Other horses can teach manners, how to respond to rhythm and cues, how to play, manage their energy, and follow a leader.

There are some safety considerations:

  • turn your horse out in a group that will be flexible enough to accept a new member
  • make sure the paddock has safe fencing with lots of space for them to explore relationships and have personal space
  • Remove any back shoes (consider pulling all shows so that they don’t lose a shoe while ripping around in the field)
  • Allow your horse to time to play and learn, try not to intervene or watch from the fence rail or you may distract your horse – keep a watchful distant.

Just imagine for example a child that has been cooped up in their bedroom all day and you want to bring them right into a private lesson and expect them to focus. Can you imagine how scatter brained they would be? Your horse is likely not too different.

Now take the same child but give them an hour of free time with other kids of different ages and temperaments before the lesson. The different kids will challenge them, show them different examples of behavior, and help them burn off energy. Can you see how this would make the lesson easier?

However it’s important to be mindful of the group your turn them out in – bullies or boring buddies don’t make for great experiences.

Tip #2 Get them in Good Health

This is so important. Race horses have a lot of demands – they are elite athletes and often experience stress. Many will have stomach ulcers or some other form of discomfort. It’s important to connect with your local equine health professionals and get your horse on the path to health – it doesn’t mean you won’t start some training, but it might mean you make a training plan that meets your horse’s physical needs. For example sometimes you may need to spend time regularly walking your horse over poles or up and down hills to help them with their back/leg muscle tone or balance.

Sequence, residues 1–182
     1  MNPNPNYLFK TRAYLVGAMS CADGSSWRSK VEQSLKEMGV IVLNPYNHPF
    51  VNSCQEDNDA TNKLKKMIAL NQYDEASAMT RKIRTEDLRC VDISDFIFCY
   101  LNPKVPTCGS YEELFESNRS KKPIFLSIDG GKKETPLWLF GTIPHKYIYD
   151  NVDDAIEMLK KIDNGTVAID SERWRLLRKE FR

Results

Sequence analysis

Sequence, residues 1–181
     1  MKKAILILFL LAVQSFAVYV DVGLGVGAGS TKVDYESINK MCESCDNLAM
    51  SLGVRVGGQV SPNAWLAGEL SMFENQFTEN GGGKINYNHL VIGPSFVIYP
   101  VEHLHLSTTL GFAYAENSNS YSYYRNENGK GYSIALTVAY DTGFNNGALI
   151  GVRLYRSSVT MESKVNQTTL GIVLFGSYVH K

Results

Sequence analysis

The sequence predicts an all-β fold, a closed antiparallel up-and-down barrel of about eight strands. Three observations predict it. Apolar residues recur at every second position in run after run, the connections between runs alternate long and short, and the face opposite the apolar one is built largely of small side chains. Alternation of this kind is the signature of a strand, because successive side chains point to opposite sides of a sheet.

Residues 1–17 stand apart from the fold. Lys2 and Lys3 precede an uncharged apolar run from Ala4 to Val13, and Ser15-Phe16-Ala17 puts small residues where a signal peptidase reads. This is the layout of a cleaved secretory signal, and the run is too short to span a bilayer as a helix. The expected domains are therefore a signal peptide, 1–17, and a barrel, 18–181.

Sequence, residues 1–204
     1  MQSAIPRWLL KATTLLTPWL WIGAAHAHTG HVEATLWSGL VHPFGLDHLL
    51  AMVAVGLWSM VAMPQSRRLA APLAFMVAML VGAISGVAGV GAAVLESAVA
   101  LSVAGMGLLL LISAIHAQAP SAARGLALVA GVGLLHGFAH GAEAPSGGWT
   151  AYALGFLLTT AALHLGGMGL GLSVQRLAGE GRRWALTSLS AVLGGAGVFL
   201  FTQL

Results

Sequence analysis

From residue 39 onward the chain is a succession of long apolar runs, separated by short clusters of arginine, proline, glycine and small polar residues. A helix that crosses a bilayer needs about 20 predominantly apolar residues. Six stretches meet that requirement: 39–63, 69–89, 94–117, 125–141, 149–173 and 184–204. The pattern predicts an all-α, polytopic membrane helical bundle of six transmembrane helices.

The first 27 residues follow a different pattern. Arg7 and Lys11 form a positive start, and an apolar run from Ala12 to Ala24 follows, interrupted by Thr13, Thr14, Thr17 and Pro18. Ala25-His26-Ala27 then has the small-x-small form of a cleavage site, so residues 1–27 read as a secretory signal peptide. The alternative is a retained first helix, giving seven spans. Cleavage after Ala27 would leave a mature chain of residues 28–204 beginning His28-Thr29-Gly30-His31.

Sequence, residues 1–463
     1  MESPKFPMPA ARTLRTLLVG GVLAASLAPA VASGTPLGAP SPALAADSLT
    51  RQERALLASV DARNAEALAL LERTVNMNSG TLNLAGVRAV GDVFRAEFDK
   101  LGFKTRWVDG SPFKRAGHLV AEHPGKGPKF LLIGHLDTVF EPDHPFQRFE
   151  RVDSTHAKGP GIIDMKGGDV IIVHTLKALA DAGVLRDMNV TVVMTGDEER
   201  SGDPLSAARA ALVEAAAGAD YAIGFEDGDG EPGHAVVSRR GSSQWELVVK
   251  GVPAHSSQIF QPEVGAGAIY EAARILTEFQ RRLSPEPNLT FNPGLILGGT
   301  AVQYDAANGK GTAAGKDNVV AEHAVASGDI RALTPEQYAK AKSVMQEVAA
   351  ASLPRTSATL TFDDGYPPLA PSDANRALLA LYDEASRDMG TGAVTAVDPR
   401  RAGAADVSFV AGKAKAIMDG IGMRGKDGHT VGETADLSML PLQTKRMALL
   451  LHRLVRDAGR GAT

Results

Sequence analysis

My general checklist:

  • Treat for ulcers using Regenereq EQ
  • Put them on a probiotic such as Biotic 8, and a preventative gut health supplement like Gastra FX.
  • Have a chiropractor do an assessment and treatment plan
  • Have a massage therapist do an assessment and treatment plan
  • Use my Accuhorsemat on them to address back pain
  • Remove shoes and allow their hooves to grow/toughen, using Scoot Boots if needed as a hoof boot to replace shoes as needed
  • Make sure to have the saddle fitted and use a saddle pad with impact protection such as Thinline
  • Get their teeth checked and worked on by an equine dentist
  • Consult my vet for necessary vaccines, work ups, deworming, or other care.
  • If they’ve done a lot of racing I also tend to put them on a joint supplement like Sinew-X.
  • When buying supplements, I make sure to buy from a company that puts science behind their products and does quality tests. My favourtie is Omega Alpha.

Tip #3 Find a Calm Connection

One of my favourite sayings is that ‘with a calm connection you can take a horse anywhere.’

It’s where I think so many people get ahead of their horse – they jump right into training for performance that they forget to date their horse. That might sound funny, but horses are emotional animals that naturally have social relationships which are a major part of how they function and communicate.

If we take the take to show them that we care about them, understand them, and that they can be connected to us then it means we have a much more willing partners. It’s the reason that I can take my horses into hotels, tv studios, have them be lesson horses, jumper super stars, extreme cowboy competitors and summer camp saints. Not a specific horse for a specific task but a well rounded partner that can do all of the above – yes, Soar (and other horses of mine) have been in movies, ridden by summer camp beginners, compete in jumpers, compete in extreme cowboy/obstacles, and can do a variety of other tasks… all because she knows that people are safe and can be trusted. Recently she was the horse in the commercial by TSN for the Grey Cup 2017.

I start this by doing the calm connection exercises from the Harmony Training Continnuum. One of the exercises includes Square, which is about learning to walk and move together in relaxation.